Muscle rigidity - what is actually causing this?

I'm wondering if any of you well-informed PWPs can explain what is causing muscles to become rigid. (One of my main symptoms). I asked my neurologist this, --he said, "good question..." then paused, and said "it has to do with the muscles tensing, and not being able to relax". I suppose this answer should satisfy me, but I feel like I want to understand more about this. Sometimes visualizing something can help. Can any of you offer a fuller explanation? And can anyone offer any alternative remedies? (Besides yoga, exercise, daily stretching, pilates...) Thanks!

37 Replies

  • What do YOU mean by muscle rigidity? Would an example be your neck muscles begun so rigid you can't move your neck.....either up or down or sideways?

  • yes - or, it's possible, but hard to move my neck because the muscles feel so tight... or, it's hard while standing, to touch my toes without feeling as if some muscle could tear! I used to be so agile/flexible, and now I move a bit like the tin man in the wizard of Oz. Sinemet is supposed to help, but I'm looking for any alternative ideas from this community.

  • You should change doctors. If he doesn't know that Parkinson's is a movement disorder caused by a deficiency of dopamine which feeds the substantia negra which is involved with sending messages to your muscles to move freely then he doesn't know much. If he's not interested in educating you then you need a different doctor.

  • Oh, he is actually a good doctor, and he knows that I understand the basic problem with dopamine deficiency, but I wanted to understand more about what the muscles were doing. I asked him to answer 26 questions (I made him work for his money!) and so he didn't have time to give me a satisfying explanation. Bill David's answer below explains it a little further.

  • Mine are like that! Get very stiff and painful

  • Have you tried Emergen-C?

  • I have heard of it - it's recommended for rigidity specifically?

  • I get that rigidity in my upper arms and the muscles in my chest socket on either side. Driving makes it worse. By the time I get where I'm going I'm in agony! Someone suggested Emergen-C to me for that but I haven't tried it yet.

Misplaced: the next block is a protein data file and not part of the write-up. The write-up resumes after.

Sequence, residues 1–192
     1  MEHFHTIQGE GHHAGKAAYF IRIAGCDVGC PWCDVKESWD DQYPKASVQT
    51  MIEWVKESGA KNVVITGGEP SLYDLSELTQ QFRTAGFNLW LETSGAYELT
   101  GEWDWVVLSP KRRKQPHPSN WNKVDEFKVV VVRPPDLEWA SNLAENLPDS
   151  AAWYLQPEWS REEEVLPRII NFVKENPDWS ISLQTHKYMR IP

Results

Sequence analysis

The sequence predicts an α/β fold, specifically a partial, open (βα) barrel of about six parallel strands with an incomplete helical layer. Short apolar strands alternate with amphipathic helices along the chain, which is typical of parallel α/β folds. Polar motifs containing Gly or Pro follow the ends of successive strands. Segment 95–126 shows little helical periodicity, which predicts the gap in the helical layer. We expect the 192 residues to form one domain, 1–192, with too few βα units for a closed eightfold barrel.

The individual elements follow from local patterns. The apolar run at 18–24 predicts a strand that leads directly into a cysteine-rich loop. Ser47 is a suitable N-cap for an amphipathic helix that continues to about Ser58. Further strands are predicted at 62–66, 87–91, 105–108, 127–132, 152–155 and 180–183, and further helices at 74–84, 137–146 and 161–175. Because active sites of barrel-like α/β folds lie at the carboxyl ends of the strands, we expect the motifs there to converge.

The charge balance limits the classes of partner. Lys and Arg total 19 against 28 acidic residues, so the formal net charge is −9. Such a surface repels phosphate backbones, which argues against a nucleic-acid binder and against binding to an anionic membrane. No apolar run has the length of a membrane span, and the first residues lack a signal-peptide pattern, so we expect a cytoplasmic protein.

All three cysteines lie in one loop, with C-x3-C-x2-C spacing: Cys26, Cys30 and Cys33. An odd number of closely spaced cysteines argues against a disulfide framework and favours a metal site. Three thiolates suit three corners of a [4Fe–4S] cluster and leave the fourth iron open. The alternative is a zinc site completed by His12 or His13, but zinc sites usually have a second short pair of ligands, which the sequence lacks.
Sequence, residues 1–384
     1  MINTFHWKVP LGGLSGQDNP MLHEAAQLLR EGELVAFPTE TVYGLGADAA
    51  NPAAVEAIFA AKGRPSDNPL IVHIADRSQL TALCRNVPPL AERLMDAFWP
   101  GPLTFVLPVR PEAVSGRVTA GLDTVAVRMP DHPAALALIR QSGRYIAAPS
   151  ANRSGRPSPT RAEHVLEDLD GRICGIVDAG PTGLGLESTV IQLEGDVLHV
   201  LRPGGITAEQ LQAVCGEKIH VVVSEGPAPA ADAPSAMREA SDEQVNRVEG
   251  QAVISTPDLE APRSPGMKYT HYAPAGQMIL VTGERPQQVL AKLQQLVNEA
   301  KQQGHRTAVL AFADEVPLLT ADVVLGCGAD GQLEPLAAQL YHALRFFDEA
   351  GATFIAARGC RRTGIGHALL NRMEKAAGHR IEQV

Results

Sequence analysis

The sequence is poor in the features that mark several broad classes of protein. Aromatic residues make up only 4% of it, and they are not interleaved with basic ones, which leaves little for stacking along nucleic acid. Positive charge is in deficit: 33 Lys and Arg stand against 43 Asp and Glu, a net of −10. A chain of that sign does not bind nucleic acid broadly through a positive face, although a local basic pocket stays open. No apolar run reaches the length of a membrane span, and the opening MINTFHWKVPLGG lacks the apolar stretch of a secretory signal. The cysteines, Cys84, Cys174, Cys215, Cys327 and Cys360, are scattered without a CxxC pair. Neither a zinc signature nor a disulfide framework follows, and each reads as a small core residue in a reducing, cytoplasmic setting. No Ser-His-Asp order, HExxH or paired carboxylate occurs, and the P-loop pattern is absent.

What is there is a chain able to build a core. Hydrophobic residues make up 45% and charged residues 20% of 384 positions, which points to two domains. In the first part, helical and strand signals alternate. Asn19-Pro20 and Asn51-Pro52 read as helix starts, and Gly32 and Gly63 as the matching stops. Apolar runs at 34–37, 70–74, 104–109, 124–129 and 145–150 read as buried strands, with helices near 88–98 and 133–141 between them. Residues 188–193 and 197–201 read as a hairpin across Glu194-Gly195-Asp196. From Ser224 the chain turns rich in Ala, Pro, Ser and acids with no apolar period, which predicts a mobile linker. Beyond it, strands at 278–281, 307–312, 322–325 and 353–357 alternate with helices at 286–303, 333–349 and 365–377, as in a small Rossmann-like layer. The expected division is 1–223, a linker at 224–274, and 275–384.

• Yes I heard of this is from pharmacists

  • Good Question......... not so good answer!!!!!

    I was with some PWP's yesterday, and one lady had a "good question" or statement. "The PD meds we're taking in South Africa are all 40 years old, with the exception one that I know of, why?"

    My question "Why are PWP's who shake, who have dyskinesia, who are rigid, all treated with the same meds?

  • That is an excellent question. Maybe because they know very little about PD. We are in the infancy of scientific research in this sres

  • Just could be because those symptoms - shaking and rigidity have the same cause - lack of dopamine. Dyskinesia is not treated with the same Med though because it is caused by the med. if you dont take levadopa you dont have dyskenesia.

  • The words rigid and rigidity are used to describe and identify a number of conditions affecting muscles. The following is an excerpt from notes made on the subject four years ago:

    "Increasingly, over the past year, raising my right arm against pressure has caused the movement to come in short, jerky segments. My neuro referred to them as "cogwheel ratcheting". She explained that, each time an "agonist" muscle contracts, opposing muscles "antagonists", must relax to let the desired movement occur. In pwp the messages sometimes become confused, causing an uneven, jerky reaction over which the pwp has little control. This is called ratcheting or cogwheel ratcheting. There's more, but its late and my eyelids are experiencing extreme RIGIDITY.

  • pMy experience. I am eleven years post diagnosis, currently 75, about five years in, I realized that I as a patient was not being told what was going on. Was up to myself to research what was happening.

    Came across a copy of The Parkinson Handbook, by Dwight McGroom MD, MAYO Surgeon with PD. He explains what is happening with posture and dystonia. Briefly hold your hand out. Move you fingers down, are pulled down by the the joints flexor muscles. Move fingers up, caused by extensor muscles.